Specializing in Personal Injury and Wrongful Death Litigation
 with Emphasis on Trauma to the Brain

(619) 235-6344
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Listing of Articles Written by David L. Goldin 

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Call 619.235.6344 or 866 headlaw (1.866.432.3529)
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Articles on Brain Injury 

 

by David L. Goldin, J.D. M.B.A.

 

*What Client's Attorney Needs to Know to Handle TBI Cases 

*Pre-Existing Conditions and TBI
*Novak v. Pizza Hut, July 28, 2010, Catastrophic Brain Injuries

*Brain Injury Seminar for Lawyers, June 26, 2008

*Opinion Editorial in San Diego Union-Tribune, October 17, 2007, Breaking the Silence on Brain Injury

*How Trauma Affects Your Brain

*Traumatic Brain Injury: Signature Injury of the War in Iraq and Afghanistan
*The Silent Epidemic
*"Mild" Brain Injury Litigation: Making the Invisible Visible

*(Video) Brain Injury Speaker's Series, Legal Evidence & Tactics: Proving Invisible Brain Injuries in Court

(5 Minutes) (30 Minutes)
*What is "Mild" Brain Injury?
*Recovery of Damages for Traumatic Injury to the Miraculous Brain
*How to Interview and Retain a Lawyer for Your Brain Injury Case
*Report of Changes and Problems After Brain Injury 

Articles on Spinal Cord Injury 
*Your Spinal Cord Injury: The Medical Facts
*Your Spinal Cord Injury: Hope and Recovery

Other Articles 
*Medical Malpractice Litigation In California: The Hardest Case (Updated Oct. 2014)

*Wrongful Death Cuts to the Heart of Family Life

*

 

Articles on Brain Injury
  David L. Goldin, J.D., M.B.A.

What Client's Attorney Needs to Know to Handle TBI Cases

This article is a compilation of recent material relevant to how an experienced attorney handles brain injury litigation. The article includes references to numerous resources on the subject, including some previously written by Mr. Goldin for this website. Due to recent publicity as to the effect of such injuries on those active in certain sports and military services, the public is also becoming more aware of the seriousness of concussions. 

Paradoxically, potential jurors (the public), are demanding even better proof of the damages suffered by the claimed brain injury victim. Why? This article discusses the brain, and brain injury litigation, which may answer this question, as well as numerous others posed in the article.

 

(Complete Article)

 

Pre-Existing Conditions and TBI

The purpose of this article is to emphasize the importance in your case of disclosing the full extent of any such pre-existing conditions as soon as possible. This cannot be overstated. It is essential you be the first to tell the story of your "weaknesses." Otherwise, you can bet your bottom dollar (and you don't have nearly as many dollars as the insurance company defending against you), the defense will destroy your case with this evidence. Try to follow the advice of Michael Jordan, perhaps the best basketball player ever to play the game: "My attitude is that if you push me toward something that you think is a weakness, then I will turn the perceived weakness into strength." And you need to outdo Jordan: You must disclose your weaknesses first without the push. If you wait for the defense to "find" what you hope is a "needle in the haystack," it is likely your undisclosed pre-existing conditions will become the "elephant in the courtroom."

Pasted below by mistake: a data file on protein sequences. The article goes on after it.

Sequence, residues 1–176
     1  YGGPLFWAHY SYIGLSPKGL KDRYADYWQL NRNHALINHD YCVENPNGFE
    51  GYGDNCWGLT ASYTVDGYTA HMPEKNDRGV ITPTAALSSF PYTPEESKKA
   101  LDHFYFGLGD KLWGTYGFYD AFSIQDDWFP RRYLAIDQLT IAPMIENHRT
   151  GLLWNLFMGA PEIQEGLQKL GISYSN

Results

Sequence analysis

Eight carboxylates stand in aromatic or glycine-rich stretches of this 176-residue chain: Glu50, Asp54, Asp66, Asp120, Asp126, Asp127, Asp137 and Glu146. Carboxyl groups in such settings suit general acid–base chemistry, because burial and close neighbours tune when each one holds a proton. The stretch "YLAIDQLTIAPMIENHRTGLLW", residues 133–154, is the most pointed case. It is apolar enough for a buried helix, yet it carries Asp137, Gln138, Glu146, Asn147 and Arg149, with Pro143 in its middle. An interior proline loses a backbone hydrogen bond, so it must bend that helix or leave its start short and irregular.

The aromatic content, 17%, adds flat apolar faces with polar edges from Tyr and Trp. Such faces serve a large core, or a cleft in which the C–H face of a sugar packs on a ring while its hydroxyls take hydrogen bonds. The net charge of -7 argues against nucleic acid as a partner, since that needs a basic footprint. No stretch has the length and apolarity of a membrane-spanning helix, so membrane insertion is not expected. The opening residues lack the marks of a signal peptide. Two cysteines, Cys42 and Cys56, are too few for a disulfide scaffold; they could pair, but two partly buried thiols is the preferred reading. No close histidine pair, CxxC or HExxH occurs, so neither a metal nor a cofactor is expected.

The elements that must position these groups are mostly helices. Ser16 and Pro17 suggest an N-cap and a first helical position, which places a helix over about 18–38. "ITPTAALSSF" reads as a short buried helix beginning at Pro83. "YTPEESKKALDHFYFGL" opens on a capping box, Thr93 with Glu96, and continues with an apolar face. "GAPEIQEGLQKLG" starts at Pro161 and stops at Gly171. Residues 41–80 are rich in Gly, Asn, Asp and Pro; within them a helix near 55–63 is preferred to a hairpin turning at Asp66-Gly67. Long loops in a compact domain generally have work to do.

(Complete Article)

 

Novak v. Pizza Hut

$10,800,000 verdict in San Diego Superior Court--catastrophic brain injuries. 

If your life is destroyed by someone else's carelessness and the cost of your past and future medical care totals almost $5 million, would $10 million be too much to compensate you for all of your harms and losses? Would it be enough?

An 18 year-old Pizza Hut driver with a history of seizure-like activity, driving on cruise control at 40 miles per hour in the opposite direction of traffic, on the route to deliver pizzas to Pizza Hut customers, crosses three lanes of traffic to crash head-on into your vehicle.  Your car is crumpled - Jaws of Life has to cut you out of it.  You are reduced to the mental capacity of a three-year-old child in many respects.

 

(Complete Article)

 

Brain Injury Seminar for Lawyers
 June 26, 2008

These materials are intended to provide a good resource for lawyers who want to become more knowledgeable about the brain and brain injuries, including access to information available on the Internet to learn about the brain, how it is injured, and legal proof of that injury. 

(Complete Article)

 

BrainSDUT.jpg (42766 bytes)

Breaking the Silence
on Brain Injury

What do Steve Young, Troy Aikman, Stan Humphries, Eric Lindros, Pat LaFontain, Dale Ernhardt, Jr., Chris Irwin, George Clooney, and probably 20% or more of our troops returning from Iraq and Afghanistan, have in common? This is an increasingly important question; please take a moment to think about it before reading on. It is time to break the silence of the TBI epidemic.

(Complete Article)

 

  

How Trauma Affects the Brain